Long turn vs. short turn 90deg elbow: sanitary from toilets

Hi. I'm replacing the cast iron 4" sanitary lines to my two bathrooms with PVC. They drop vertically from each bathroom and turn 90degrees to horizontal in the basement. This turn is via existing long turn/long sweep elbows.
Is there any problem if I switch these to short turn 90 deg elbows? I'd li ke to regain the headroom in the basement and keep these pipes within the c eiling joist level, instead of having these stick out below the (future) fi nished ceiling level in the basement. I can't find anything in the plumbin g codes on this. All advice appreciated.
Thanks Theodore.
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On 2015-10-12 11:06 AM, snipped-for-privacy@yahoo.com wrote:

There is probably no problem doing that, but just in case, use elbows with a cleanout.
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On Mon, 12 Oct 2015 11:18:22 -0400, FrozenNorth

There is no such thing as an elbow with a cleanout.
But there are tees, which can be used as an elbow and the third opening can become the cleanout with another fitting made to be a cleanout.
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On 2015-10-13 1:32 AM, snipped-for-privacy@spamblocked.com wrote:

I am not a plumber, the tee was just an idea if he was cheating the corner, didn't all have to be one piece.
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In typed:

Are you also replacing the vertical sewer pipe that comes down from the two toilets (and/or are they just coming through from the first floor right above the basement)?
If so, you can probably switch from 4" cast iron to 3 " PVC. That in itself may give you more room and may even allow you to use 3" sweep 90 deg elbows.
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More info: Yes, I'm replacing all pipes, but I'd rather not tempt fate and reduce overall size of pipe diameter. That would really make me nervous.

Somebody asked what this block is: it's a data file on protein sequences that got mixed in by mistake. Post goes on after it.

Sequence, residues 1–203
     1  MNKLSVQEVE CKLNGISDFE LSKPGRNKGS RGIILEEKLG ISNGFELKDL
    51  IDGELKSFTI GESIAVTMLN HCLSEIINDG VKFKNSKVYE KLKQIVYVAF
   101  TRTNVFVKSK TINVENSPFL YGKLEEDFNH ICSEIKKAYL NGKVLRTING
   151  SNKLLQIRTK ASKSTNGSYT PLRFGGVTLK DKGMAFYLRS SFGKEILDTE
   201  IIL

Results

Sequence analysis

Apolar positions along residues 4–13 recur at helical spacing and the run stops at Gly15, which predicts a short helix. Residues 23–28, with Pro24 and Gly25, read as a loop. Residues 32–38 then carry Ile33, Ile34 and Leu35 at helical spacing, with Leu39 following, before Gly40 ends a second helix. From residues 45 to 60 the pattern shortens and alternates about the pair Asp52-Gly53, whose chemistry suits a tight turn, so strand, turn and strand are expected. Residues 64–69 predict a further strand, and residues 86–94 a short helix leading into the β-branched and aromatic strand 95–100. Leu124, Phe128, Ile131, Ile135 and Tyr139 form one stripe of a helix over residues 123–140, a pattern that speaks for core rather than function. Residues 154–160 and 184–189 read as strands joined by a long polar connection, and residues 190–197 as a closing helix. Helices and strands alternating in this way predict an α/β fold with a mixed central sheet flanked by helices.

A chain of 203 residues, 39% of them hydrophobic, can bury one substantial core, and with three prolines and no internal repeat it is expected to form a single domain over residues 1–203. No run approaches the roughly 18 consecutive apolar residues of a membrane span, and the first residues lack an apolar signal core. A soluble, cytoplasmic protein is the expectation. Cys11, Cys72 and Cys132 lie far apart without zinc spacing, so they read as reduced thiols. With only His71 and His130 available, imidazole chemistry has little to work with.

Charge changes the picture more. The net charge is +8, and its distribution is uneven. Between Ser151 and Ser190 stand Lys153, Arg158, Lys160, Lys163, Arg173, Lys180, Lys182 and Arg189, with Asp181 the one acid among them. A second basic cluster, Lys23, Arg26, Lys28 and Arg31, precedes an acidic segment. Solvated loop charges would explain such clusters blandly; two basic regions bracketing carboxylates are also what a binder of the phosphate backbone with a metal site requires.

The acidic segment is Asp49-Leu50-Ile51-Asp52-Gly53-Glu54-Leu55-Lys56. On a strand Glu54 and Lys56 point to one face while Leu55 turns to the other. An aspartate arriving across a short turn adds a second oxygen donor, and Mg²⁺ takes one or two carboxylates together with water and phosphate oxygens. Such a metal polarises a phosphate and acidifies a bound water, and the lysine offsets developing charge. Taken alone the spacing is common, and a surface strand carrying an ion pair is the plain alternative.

Pipe slope is not an issue. I will guarantee to maintain that no matter what I do.
Difference between 4" long sweep and 4" short sweep elbow is definitely noticeable. But other than rule-of-thumb to leave what was there, is there any specific code requirement or plumbing rule that says vert-to-horiz turn MUST be long-sweep.
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On Mon, 12 Oct 2015 09:59:54 -0700 (PDT), snipped-for-privacy@yahoo.com wrote:

I've never seen "long sweep" elbows used for sanitary drains.
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In alt.home.repair, on Mon, 12 Oct 2015 15:14:42 -0400, snipped-for-privacy@snyder.on.ca wrote:

So what are they used for?
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wrote:

Don't know - never seen them used.
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In alt.home.repair, on Mon, 12 Oct 2015 22:03:14 -0400, snipped-for-privacy@snyder.on.ca wrote:

ROFL
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wrote:

Here in Ontario, in residential applications, the standard radius fittings appear to be "the standard" - everything tucks up nice and neat between the floor joists and the majority of basements are finished living space, Second story bathrooms and 2 story and split level houses are more common than bungalows, and the "standard" fittings mean no bulges or bulkheads are required to fit sanitary sewer connections. Large radius fittings are occaisionally used for 1 1/2" or 2" sink and laundry drains, but even there, they would be the exception tather than the rule.. In the vast majority of cases the WC/Toilet is close to the vertical rizer/stack with no horizontal bends - the "run" is straight from the flange to the stack, which runs from the pipes under the basement floor slab straight up to the stack vent in the roof, with all sink drains etc joining into the vertical stack as well. Sometimes a house will have 2 stacks if there are bathrooms at opposite ends of the house.
I quess I HAVE seen the long radius 4" used in horizontal bends under slabs, when I come to think of it - but even there, they are not "common". Horizontal bends in the framed flooring
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In alt.home.repair, on Tue, 13 Oct 2015 00:17:13 -0400, snipped-for-privacy@snyder.on.ca wrote:

This is not as funny as your first answer, but thanks.